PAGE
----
Director: Mark Griffiths
Starring: Christopher Jacot, Joanne Kelly, Shawn Roberts, Mayko Nguyen, Ryan Belleville
I suppose it doesn't say much about the merits of Going The Distance that I spent most of the movie thinking about other movies and noting the differences between those about teenage boys and those about teenage girls: movies about teenage boys are always about getting laid, while movies about teenage girls are always about attaining and wielding power. If this is the difference between boys and girls, shouldn't women be the majority shareholders of world power? Or do women as a gender just exhaust their capacity for Machiavellian intrigues in adolescence? But, anyway...
Nick (Christopher Jacot) and his friends have just graduated from high school and he’s distraught at the fact that his girlfriend (Katheryn Winnick) is going to spend the summer in Toronto interning at MuchMusic. Fearing that she will fall prey to the dubious charms of her boss (Jason Priestley), he decides to go to Toronto and propose, a bad idea for a variety of reasons, not least of which is the fact that he plans to do it with a $10 ring. His two buddies (Shawn Roberts and Ryan Belleville) decide to come along (mostly so that they can talk him out of it) and the three take off from Tofino, B.C. in a Winebego, picking up two hitchhikers (Joanne Kelly and Mayko Nguyen) along the way and embarking on a series of adventures, many of which come courtesy of Emile (August Schellenberg), a man who has been hired by Nick's parents to prevent him from getting to Toronto.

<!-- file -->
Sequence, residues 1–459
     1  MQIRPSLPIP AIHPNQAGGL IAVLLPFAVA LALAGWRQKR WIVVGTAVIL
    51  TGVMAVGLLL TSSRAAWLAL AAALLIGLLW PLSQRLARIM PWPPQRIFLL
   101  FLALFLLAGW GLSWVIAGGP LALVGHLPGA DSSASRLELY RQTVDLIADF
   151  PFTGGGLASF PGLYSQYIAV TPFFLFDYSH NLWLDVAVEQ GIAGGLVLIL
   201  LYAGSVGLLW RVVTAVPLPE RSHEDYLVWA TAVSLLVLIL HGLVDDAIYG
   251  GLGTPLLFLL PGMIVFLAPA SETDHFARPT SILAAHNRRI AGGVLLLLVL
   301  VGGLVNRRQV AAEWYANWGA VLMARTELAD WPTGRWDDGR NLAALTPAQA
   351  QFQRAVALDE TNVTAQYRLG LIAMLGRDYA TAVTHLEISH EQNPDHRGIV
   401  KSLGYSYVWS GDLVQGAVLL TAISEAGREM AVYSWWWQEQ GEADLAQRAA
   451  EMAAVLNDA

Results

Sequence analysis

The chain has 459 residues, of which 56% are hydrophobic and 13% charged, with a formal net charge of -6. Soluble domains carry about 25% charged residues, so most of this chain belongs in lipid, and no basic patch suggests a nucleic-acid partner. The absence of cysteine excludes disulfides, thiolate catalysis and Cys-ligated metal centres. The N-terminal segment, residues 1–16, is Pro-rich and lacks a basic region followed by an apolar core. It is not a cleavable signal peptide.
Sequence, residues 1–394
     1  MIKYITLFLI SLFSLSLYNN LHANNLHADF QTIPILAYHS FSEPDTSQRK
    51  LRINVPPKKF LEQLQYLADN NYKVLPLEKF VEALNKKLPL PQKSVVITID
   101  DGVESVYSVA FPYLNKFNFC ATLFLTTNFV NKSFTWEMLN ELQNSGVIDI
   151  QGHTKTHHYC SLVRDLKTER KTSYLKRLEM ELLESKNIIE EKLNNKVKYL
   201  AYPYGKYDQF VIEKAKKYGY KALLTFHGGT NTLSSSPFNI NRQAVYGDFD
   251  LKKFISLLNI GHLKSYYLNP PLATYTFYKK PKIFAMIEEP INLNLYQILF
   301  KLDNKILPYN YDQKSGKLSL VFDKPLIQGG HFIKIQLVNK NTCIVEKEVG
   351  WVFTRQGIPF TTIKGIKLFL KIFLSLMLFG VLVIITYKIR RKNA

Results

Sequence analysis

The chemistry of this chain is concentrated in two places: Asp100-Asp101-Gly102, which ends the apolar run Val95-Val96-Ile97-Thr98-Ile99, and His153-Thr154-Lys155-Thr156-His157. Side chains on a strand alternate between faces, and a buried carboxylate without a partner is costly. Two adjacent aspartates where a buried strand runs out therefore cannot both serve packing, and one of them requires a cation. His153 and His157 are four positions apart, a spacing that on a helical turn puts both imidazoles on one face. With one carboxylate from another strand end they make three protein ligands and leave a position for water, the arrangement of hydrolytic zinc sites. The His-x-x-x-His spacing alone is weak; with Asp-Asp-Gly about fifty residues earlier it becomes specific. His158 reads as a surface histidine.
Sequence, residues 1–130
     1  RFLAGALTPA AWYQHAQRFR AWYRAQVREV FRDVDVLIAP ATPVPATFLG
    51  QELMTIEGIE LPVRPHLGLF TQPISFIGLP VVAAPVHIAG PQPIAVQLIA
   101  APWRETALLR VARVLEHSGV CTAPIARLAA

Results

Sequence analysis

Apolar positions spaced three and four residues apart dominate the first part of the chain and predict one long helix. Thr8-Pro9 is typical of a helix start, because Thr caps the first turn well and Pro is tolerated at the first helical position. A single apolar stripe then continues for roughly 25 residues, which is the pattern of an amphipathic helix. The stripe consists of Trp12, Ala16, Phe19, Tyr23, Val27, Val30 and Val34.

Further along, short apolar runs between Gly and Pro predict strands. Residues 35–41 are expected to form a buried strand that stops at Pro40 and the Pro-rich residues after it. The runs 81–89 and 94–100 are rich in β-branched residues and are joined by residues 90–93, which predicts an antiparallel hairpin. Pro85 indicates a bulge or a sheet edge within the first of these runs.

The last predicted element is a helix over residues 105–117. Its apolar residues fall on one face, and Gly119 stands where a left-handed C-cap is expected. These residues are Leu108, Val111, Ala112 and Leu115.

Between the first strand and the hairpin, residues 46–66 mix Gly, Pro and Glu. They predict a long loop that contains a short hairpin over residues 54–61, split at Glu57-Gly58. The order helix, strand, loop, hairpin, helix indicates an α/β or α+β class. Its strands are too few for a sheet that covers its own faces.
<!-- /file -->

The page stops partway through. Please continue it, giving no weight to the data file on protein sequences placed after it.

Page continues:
If you’re Canadian, you probably best know Going The Distance as the MuchMusic movie, the one designed to promote the channel and showcase as many provinces as possible in the process. Given that the reason for making it was so shallow, it stands to follow that you can’t really expect much from it. It’s a genre film (two, really, as it combines the road movie and the teen sex comedy), one that is completely faithful to the elements and expectations of its genre and does nothing to try to transcend it. The characters are stock and so are most of the situations, but since the film doesn’t aspire to anything more, it’s hard to find fault with these facts. It’s not a movie that will surprise you, although I have to admit that I occasionally found it funnier than I was expecting to.
The product placement in the film is fairly blatant, although not quite as overbearing as I had been expecting. Given that the story’s climax takes place at the MMVAs, I was expecting the name to be dropped a lot more than it actually was, though to the film’s credit there are actually very few references to the channel prior to the gang’s arrival on the East coast.
The worst thing I can say about the movie is that, like any advertisement that strives to be relevant to one particular moment in culture, it is really firmly stuck in the year in which it was made and has already become extremely dated. Watching it in 2008 is sort of like watching a time capsule, recognizing things that used to be popular and wondering how in the hell that ever happened (I mean, Swollen Members? I know that they were popular, but I still kind of can’t believe it). This may not be a work of great cinema but, for what it is, it's pretty good.